audiofile speaks Freddy Vinehill-Cliffe who is a Solutions Specialist at NUGEN Audio.
He talks about teaming up with Netflix and working with mix engineers at the BBC and Fox.
He also tells us about the Halo Downmix update which features new ranges for downmix coefficients and a Netflix preset.
Hi, thanks for taking the time to speak to audiofile.
NUGEN Audio manufactures professional audio tools. Can you tell me more about the firm?
NUGEN Audio is based in Leeds in the UK. We mainly specialise in audio plug-ins, and our tools are used for both music and post applications. A lot of our products deal with loudness and surround processing.
NUGEN Audio’s tools are used by some of the world’s top names in broadcast, post-production and music production. Who are the most recent firms the company has teamed up with?
We worked closely alongside Netflix in the implementation of their new loudness standard, and we have a good relationship with them. On top of that, mix engineers at the BBC, Fox, Skywalker Sound and The Farm Group have all recently incorporated our tools into their workflow, to name just a few.
At NAB 2019 NUGEN Audio displayed its latest updates to its Loudness Toolkit and Halo Downmix. Can you tell me what improvements have been made and how this will help content creators working on audio that is being delivered to Netflix?
Our VisLM loudness meter, which is included in the Loudness Toolkit, now includes Dialog LRA measurement. This is a measurement which was not included in any other loudness standards prior to the Netflix standard. To my knowledge, other loudness meters have not yet incorporated Dialog LRA. VisLM is specifically mentioned in Netflix’s best practice document for engineers.
We have also updated VisLM’s GUI so that users can now view measurements from multiple loudness standards simultaneously. The interface can be made as simple or as complex as required, depending on the task, and this is great for mix engineers who might be delivering a project for multiple specifications.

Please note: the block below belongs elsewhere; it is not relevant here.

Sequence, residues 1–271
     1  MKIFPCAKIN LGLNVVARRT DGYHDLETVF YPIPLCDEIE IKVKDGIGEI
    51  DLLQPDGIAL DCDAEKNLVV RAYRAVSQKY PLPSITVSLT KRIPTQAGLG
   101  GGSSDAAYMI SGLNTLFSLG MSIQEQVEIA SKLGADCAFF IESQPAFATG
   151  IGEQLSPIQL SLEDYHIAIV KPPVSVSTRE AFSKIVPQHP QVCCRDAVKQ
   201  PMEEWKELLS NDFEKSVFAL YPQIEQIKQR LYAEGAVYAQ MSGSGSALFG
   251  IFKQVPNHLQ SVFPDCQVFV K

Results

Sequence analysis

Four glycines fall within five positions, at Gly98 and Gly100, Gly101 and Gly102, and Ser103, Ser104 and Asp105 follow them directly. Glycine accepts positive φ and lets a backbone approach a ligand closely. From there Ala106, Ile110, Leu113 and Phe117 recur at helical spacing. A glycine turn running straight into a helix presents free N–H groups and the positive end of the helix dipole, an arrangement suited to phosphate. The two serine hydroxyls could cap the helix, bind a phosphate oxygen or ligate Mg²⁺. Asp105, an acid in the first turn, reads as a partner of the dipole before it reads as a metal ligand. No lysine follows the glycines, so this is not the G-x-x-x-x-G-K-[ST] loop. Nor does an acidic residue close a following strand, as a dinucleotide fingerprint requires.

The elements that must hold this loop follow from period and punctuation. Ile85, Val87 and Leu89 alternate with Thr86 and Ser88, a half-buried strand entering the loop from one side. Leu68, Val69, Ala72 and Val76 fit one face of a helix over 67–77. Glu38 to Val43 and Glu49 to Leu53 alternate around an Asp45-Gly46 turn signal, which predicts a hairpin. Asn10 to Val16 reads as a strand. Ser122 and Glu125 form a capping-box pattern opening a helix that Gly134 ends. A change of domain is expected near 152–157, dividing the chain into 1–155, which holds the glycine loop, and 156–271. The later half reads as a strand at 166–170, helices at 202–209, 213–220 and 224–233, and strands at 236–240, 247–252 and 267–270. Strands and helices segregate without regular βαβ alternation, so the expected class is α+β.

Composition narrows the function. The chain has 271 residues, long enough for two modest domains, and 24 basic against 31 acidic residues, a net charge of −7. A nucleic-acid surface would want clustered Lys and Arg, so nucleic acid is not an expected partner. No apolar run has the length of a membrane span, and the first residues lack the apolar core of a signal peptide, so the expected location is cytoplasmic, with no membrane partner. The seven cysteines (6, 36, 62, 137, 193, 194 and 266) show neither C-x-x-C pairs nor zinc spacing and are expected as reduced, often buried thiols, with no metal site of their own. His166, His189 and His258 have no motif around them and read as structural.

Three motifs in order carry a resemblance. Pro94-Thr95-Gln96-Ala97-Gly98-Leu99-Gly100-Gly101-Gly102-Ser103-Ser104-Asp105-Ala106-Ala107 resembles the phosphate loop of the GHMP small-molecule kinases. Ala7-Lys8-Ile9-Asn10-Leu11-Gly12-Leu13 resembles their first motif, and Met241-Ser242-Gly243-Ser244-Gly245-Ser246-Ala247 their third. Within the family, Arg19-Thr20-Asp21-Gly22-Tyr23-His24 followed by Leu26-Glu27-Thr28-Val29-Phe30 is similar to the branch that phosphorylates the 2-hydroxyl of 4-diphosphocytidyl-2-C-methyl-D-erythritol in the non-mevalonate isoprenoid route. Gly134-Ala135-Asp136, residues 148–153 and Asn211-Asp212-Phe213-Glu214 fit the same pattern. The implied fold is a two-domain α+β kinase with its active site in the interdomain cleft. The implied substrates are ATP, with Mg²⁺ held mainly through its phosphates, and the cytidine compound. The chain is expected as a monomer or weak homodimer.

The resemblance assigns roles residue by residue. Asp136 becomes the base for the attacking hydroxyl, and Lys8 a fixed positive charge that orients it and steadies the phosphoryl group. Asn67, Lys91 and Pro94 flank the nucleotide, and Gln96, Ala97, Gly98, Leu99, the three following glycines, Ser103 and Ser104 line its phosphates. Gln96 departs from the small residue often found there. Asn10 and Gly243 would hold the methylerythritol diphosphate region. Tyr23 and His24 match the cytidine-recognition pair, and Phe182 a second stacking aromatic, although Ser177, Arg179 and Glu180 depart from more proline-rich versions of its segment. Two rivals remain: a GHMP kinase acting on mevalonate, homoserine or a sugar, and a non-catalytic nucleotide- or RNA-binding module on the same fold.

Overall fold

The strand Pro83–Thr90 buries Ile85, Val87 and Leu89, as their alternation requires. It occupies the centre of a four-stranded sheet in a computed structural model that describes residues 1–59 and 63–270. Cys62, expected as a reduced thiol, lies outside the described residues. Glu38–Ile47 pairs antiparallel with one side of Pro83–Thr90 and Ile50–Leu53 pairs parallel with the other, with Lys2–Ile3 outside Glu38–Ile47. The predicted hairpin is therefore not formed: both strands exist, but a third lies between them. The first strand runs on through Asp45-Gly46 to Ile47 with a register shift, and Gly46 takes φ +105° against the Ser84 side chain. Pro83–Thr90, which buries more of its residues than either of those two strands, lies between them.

The latest Halo Downmix update features new ranges for downmix coefficients, and we also added a Netflix preset. This should give the user peace of mind, ensuring that their downmix is compliant with Netflix’s standards.
You mentioned that loudness and surround processing are two areas NUGEN specialises in. Halo Downmix is one of those surround tools, can you tell me about the others?
With the prevalence of surround audio, it’s important that engineers can take advantage of the same kinds of tools they used when working primarily in stereo. So we have a surround EQ and a surround limiter, SEQ-S and ISL. We also have Halo Upmix, which allows users to create a coherent surround upmix from a stereo source. When movies use popular songs on their soundtrack, for example, Halo Upmix can be used to create a spatial upmix from a stereo master, rather than simply panning to the front left and right channels within an otherwise surround mix. All of these tools are included in our Surround Suite bundle.
Halo Upmix and Halo Downmix both have optional 3D extensions, giving the user scope to work on the vertical axis as well as the horizontal plane. Halo Upmix currently goes up to 7.1.4, and Halo Downmix goes up to 7.1.2. ISL also works in 7.1.2, which is suitable for creating a Dolby ATMOS bed.
What does the future hold for the firm?
Our development team is always working on new products, as well as adapting and improving our existing tools. We are continuing to add new codecs for our MasterCheck plug-in, for example, and SigMod is another product which we are still tweaking and improving.
I can’t go into specifics about brand new products, but there is a new plug-in in the pipeline fairly imminently, and it is significantly different from anything we’ve done before! We have taken a fairly common audio process and implemented a whole new way of doing it. Unfortunately I can’t be any less vague than that, but it’s very exciting.